Montclair Public Library Director Peter Coyl points to the undated handwritten explanation of a framed land deed from Azariah Crane Sr. to his son, Azariah Crane Jr., dated Nov. 8, 1752. The deed was recently returned to the Montclair Public Library after being restored. KATE ALBRIGHT/FILE PHOTO


Montclair Public Library director Peter Coyl is leaving his post to take a position at another library — moving on amid negotiations with the Montclair Township Council over the library’s next budget and a contentious proposal that could see the township administration assert more control over library operations.

But Coyl said the library leadership’s relationship with the Township Council, or the possibility of losing some autonomy, weren’t factors in his decision to leave.

Montclair Local had reported early this year Coyl was a contender for a library director post in Ohio, though Coyl confirmed he’s not leaving for that post. He said he’ll announce his next role shortly.

And Coyl said he’s hopeful the library’s budget proposal for the coming year will let trustees and his eventual successor restore services to pre-pandemic levels — even though the funding request remains hundreds of thousands of dollars below the budgets the library saw before 2020’s coronavirus shutdowns.

“Our budget is based on the realities — the town has not collected as much revenue,” Coyl said. The library will draw heavily on gifts from other sources to continue funding programs such as its adult school, he said.

“We will be using every dollar that we have in that account [from gifted funds] to ensure it remains solvent next year,” Coyl said — adding the adult school would need stepped-up funding from the township after 2022 to run the program into the future.

Coyl’s resignation is effective Dec. 10. An announcement from the library’s trustees said they’ll name an interim director while initiating a nationwide search for his replacement.

The announcement made no mention of the sometimes-strained relationship between the library and township leadership — focusing instead of Coyl’s achievements during his tenure, which began in March of 2016. Coyl had been the library’s 16th director in its 128-year history.

In the announcement, Coyl described his time as rewarding, saying it had been “an honor and a privilege to lead an extremely professional, dedicated, and resilient staff in a town whose residents love and support their library.”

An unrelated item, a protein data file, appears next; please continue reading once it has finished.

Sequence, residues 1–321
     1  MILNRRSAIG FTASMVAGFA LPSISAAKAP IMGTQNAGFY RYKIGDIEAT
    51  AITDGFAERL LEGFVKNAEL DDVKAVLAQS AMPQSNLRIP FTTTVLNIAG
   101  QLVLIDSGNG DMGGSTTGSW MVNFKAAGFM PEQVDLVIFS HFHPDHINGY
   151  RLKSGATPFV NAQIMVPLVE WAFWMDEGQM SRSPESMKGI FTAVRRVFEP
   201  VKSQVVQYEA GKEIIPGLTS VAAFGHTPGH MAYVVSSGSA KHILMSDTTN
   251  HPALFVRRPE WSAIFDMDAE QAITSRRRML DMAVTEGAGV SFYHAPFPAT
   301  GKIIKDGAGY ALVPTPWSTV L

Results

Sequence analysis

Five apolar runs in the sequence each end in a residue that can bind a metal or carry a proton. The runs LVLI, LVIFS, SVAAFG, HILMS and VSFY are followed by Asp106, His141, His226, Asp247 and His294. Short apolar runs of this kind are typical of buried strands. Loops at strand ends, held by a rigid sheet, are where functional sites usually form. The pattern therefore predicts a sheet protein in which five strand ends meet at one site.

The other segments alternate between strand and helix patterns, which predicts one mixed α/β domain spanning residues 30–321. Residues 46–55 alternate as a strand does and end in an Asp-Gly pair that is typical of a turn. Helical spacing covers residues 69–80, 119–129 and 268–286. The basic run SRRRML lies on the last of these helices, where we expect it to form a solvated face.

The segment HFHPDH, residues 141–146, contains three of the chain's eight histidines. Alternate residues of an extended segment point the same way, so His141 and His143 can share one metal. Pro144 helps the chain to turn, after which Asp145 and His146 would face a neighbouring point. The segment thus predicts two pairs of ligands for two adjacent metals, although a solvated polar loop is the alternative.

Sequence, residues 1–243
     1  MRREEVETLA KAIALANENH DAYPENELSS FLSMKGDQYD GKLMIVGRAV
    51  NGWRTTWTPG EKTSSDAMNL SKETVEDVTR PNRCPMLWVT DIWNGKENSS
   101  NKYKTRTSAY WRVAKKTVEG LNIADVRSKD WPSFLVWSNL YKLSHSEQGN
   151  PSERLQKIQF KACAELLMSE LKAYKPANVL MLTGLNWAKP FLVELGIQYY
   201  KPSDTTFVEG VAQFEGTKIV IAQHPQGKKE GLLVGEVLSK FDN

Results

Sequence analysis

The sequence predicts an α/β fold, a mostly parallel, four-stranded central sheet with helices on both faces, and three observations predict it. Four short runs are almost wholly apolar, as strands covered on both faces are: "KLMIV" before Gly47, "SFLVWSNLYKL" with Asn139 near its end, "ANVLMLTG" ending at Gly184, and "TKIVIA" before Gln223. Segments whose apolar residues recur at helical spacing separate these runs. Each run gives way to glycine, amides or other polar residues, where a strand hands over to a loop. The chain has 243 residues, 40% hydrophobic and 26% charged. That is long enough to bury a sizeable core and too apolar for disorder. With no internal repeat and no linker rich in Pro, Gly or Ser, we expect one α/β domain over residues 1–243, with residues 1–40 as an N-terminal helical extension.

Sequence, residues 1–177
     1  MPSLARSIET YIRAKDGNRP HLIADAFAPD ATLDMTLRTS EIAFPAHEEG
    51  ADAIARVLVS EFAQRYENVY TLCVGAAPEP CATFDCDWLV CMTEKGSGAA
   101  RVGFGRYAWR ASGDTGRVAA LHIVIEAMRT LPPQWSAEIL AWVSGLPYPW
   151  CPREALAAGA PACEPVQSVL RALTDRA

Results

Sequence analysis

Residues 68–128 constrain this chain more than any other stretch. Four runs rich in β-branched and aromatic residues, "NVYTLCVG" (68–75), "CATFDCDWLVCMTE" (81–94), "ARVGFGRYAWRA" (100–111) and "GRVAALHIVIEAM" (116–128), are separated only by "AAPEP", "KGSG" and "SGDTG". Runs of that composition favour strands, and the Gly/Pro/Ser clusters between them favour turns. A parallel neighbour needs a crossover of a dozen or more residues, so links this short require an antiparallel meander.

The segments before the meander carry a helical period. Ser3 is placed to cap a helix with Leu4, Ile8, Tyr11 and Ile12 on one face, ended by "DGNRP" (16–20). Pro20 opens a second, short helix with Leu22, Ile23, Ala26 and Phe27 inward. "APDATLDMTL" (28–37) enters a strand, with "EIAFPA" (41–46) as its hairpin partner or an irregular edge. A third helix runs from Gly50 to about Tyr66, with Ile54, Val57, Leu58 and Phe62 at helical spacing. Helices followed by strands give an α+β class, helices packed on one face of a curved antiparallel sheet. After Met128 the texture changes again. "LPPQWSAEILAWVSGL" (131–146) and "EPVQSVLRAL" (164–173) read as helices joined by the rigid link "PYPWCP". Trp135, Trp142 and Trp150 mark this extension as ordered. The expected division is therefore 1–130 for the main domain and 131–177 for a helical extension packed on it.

It also included praise from JoAnn McCullough, president of the library’s board of trustees.

“Organizing and taking on the difficult task of incorporating policies and procedures is but a few of the many gifts that Peter will leave with us,” she said. “His leadership and patience as a teacher will continue to serve the [Montclair Public Library] as he begins the next chapter of his professional career.”

Little Read
Peter Coyl at The Montclair Public Library’s “Little Read” in 2017. COURTESY MONTCLAIR PUBLIC LIBRARY/FILE PHOTO

The announcement noted that during Coyl’s time as director, the library received two programming grants from the American Library Association, was a Public Library Association Grow With Google awardee and was an Inclusive Internship Initiative host site. The library received a multicultural programming award from the New Jersey State Library and an inaugural 2021 Wi-Fi at Work Award by WifiForward, the announcement said.

The library also started a mobile library service, celebrated its 125th birthday, restored a deed from the township’s first non-Indigenous resident, expanded a partnership for Succeed2gether’s Literary Festival, worked with Toni’s Kitchen to provide free summer lunches to children, and began a social work program, hosting an intern through Montclair State University’s Department of Social Work and Child Advocacy.

Coyl headed the library through major cuts made in the coronavirus pandemic. In 2020, township officials initially expected to provide the library with about $3.5 million — a little over $2.6 million of which was required through a state formula, and the rest at local officials’ discretion. Once the pandemic hit, they cut that back to a total of $2,983,990 — a level the library hadn’t seen dip as low in about two decades.